For many, insurance only matters when something bad happens and we need to file a claim or lodge a complaint. But the best time to get educated about insurance is when you’re in the process of making a major life decision, like buying a new car, but before a related crisis, like a car accident.
That window of time between decision and crisis is why Insure U developed Get Ready resources. These new resource kits help consumers considering a major life event get smart about the insurance implications before a crisis occurs. The goal is to avoid hasty, uninformed and costly misunderstandings later.
They’ve compiled new toolkits, games and apps on several of these life events:
All too often, people only think about insurance when they have a loss or when it’s time for an annual insurance policy such as auto or homeowners to renew. That’s just human nature. Yet insurance is an important part of financial planning and deserves more consideration than a quick search for the cheapest quote come renewal. As with any other purchase, cheapest is not always the best purchasing criteria – you get what you pay for. While there is certainly no sense in spending more than you need to, you should be sure that the insurance package you buy will provide sufficient coverage for your particular situation. The question lies in what’s sufficient coverage – and that may very well vary over the course of your life. Insurance is essentially a form of financial risk management that is designed to protect an individual or a business from loss resulting from adverse life events. A single person in their 20s will have very different coverage needs than a middle-aged parent who owns a home and has several dependents.
When certain major life events occur, they should trigger a review of insurance coverage. You may need to add a new type of coverage, you may want to raise or lower deductibles on an existing policy, or there may be opportunities for savings or discounts. Your independent insurance agent will be able to inform you about various coverage options – but can only advise you based upon what he or she knows. It’s good to keep insurance coverage in the back of your mind, and get in the habit of making a call or dropping a note to your local agent when you experience a major life event, such as any of the following:
Birth or adoption of a child
Death of an immediate family member
Purchasing a new home, condo, or a second home
Adding buildings to your property
Renting out your home
Moving to a new geographic area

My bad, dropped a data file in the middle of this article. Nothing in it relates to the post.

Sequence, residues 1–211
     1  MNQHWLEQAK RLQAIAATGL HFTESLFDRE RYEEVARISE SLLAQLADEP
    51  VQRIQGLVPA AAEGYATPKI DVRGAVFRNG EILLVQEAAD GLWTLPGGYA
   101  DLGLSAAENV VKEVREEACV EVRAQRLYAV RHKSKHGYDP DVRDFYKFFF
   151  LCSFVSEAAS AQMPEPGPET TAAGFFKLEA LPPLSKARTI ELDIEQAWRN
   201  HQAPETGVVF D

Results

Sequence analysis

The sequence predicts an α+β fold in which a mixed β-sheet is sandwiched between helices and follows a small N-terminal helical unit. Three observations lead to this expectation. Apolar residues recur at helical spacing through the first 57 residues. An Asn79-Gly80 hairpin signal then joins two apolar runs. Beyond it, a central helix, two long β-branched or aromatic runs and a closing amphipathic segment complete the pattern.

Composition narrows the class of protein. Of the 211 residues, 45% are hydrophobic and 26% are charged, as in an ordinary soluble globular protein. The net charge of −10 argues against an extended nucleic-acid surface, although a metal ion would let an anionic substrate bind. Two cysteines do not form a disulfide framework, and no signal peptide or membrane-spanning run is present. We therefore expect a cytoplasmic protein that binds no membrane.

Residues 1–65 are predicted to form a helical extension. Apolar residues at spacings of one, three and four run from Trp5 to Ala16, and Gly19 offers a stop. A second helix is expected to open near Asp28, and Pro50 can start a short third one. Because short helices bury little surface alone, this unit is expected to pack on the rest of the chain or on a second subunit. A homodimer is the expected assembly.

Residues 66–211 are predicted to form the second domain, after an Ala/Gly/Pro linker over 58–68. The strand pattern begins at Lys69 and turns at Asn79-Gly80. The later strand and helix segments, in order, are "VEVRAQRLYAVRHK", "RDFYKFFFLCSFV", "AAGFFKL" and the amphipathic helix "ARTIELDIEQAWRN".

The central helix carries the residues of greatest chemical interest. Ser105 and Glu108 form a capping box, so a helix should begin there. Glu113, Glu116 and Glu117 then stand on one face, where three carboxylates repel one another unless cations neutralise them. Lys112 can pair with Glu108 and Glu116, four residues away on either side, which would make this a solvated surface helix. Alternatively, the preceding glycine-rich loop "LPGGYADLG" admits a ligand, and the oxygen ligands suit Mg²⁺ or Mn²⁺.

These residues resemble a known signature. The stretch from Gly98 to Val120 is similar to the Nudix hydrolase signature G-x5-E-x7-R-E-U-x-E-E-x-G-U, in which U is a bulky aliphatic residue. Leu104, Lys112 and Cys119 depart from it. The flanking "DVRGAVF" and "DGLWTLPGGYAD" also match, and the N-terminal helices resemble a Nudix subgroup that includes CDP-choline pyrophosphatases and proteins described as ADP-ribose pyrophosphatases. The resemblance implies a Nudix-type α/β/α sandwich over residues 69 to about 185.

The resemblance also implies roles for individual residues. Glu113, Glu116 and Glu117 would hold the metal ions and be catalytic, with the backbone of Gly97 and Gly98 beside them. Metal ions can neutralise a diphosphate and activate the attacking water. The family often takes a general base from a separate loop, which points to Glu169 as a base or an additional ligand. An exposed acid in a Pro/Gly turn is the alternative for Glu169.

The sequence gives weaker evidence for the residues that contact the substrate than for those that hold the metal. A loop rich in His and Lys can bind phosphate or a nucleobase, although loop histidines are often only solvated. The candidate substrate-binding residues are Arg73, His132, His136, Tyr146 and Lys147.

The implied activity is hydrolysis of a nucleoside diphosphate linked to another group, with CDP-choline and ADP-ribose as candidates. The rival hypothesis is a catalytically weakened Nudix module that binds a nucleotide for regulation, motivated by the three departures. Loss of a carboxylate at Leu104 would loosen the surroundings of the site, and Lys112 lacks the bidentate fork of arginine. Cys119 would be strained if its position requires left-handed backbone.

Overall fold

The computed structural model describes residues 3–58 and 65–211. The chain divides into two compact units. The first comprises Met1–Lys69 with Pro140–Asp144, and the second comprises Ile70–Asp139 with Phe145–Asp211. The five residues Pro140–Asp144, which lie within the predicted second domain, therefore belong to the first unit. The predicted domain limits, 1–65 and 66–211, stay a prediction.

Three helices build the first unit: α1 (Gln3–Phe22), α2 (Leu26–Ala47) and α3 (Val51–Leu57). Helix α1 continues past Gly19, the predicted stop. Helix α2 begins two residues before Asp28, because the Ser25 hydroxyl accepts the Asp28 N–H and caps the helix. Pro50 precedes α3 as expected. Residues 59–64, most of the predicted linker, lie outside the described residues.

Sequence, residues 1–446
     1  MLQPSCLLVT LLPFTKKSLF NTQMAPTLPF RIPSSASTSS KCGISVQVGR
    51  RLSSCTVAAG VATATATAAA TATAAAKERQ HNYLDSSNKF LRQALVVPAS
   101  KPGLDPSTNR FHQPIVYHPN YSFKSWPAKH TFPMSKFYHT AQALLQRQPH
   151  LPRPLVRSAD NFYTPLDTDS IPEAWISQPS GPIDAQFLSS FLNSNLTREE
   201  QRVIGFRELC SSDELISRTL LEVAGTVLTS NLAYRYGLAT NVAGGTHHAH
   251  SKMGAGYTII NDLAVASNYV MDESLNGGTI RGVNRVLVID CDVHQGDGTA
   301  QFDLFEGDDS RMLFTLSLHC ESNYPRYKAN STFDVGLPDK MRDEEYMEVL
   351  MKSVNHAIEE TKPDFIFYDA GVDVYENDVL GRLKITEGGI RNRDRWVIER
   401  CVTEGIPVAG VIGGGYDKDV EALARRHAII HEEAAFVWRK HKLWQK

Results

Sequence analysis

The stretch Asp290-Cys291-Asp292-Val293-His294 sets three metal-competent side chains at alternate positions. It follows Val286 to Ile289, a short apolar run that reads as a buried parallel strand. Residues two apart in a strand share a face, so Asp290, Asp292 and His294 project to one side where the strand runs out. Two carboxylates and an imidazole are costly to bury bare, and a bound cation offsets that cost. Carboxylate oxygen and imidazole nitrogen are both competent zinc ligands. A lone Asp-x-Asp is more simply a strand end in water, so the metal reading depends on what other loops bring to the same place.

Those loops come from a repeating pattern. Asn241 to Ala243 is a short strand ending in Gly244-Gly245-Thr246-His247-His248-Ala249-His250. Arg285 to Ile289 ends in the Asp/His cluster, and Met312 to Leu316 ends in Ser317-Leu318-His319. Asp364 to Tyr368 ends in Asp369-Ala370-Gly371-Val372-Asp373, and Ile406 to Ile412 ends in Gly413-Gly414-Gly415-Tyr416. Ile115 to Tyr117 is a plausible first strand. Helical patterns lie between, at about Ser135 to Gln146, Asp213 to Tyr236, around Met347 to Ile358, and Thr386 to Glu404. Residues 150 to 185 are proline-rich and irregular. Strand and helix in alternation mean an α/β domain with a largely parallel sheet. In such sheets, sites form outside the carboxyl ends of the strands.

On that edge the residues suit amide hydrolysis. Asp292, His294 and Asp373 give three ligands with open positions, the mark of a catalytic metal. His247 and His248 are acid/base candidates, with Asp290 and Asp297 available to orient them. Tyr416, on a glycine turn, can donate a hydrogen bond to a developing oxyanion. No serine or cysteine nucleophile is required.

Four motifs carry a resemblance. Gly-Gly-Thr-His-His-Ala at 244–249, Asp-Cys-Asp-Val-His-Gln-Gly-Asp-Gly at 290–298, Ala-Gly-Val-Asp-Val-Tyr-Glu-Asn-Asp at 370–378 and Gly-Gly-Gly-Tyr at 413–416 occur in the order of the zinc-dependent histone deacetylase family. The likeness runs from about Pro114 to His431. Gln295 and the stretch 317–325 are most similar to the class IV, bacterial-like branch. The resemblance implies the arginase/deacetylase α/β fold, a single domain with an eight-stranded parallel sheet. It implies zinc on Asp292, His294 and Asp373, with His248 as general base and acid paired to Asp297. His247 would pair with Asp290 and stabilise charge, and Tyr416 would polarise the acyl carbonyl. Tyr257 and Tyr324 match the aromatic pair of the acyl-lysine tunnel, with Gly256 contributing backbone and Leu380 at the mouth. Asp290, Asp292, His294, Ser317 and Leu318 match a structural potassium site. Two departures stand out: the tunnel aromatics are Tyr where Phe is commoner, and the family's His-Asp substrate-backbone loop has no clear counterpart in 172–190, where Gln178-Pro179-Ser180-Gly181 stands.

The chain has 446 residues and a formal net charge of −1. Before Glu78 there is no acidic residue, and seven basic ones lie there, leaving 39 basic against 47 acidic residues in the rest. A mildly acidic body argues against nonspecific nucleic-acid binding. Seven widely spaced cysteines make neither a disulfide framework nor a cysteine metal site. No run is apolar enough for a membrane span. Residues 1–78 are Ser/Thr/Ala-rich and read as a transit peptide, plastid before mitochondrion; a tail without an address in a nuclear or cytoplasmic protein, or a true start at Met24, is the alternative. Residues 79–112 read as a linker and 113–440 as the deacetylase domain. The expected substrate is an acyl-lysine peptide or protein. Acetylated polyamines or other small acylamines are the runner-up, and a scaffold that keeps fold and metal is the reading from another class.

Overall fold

Renting an apartment
A teen child getting an auto license
Changing jobs and job benefits
Starting a small business
Acquiring expensive electronics, antiques, jewelry, furs, or specialty collections
Acquiring a recreational vehicle – boat, motorcycle, snowmobile
Have you just had a new baby or are you expecting one soon? If so, you are part of a demographic trend. More babies are born in August than in any other month, according to the National Center for Health Statistics. September is the second-highest month, and while Tuesday has traditionally been the highest day of the week for births, Wednesday has been edging it out in recent years. See more interesting facts on birth and motherhood at the US Census Mother’s Day press release. The government keeps track of a lot of interesting data related to births. You can find out the most popular baby names by year on the Social Security website – or view the cute video version of top baby names. You can even find the most popular names by region. Now check your insurance!
The National Association of Insurance Commissioners (NAIC) suggests steps that new parents should take to protect their growing family by checking insurance coverage. Anytime you experience a major life event – such as a marriage, a birth, a death, a new home – it’s important to remember to review your insurance policies. With a new baby, health insurance and life insurance are both coverages that should be reviewed to ensure that you are adequately protected. NAIC suggests there may also be auto and homeowners insurance considerations.
The Social Security office also reminds parents to register your child for a Social Security number, which you need to claim your child as a dependent on your income tax return, and may be necessary for medical coverage, setting up financial accounts, or eligibility for government-sponsored services.